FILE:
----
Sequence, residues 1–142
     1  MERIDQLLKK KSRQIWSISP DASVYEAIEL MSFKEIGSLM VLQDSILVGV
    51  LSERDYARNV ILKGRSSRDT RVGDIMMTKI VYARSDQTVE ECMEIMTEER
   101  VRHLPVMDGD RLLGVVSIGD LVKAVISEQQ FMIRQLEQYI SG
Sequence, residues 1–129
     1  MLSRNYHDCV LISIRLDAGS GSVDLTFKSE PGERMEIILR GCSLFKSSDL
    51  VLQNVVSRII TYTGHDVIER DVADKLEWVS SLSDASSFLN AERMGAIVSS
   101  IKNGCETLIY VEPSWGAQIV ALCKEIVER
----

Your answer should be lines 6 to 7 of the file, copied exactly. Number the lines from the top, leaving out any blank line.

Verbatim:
     1  MLSRNYHDCV LISIRLDAGS GSVDLTFKSE PGERMEIILR GCSLFKSSDL
    51  VLQNVVSRII TYTGHDVIER DVADKLEWVS SLSDASSFLN AERMGAIVSS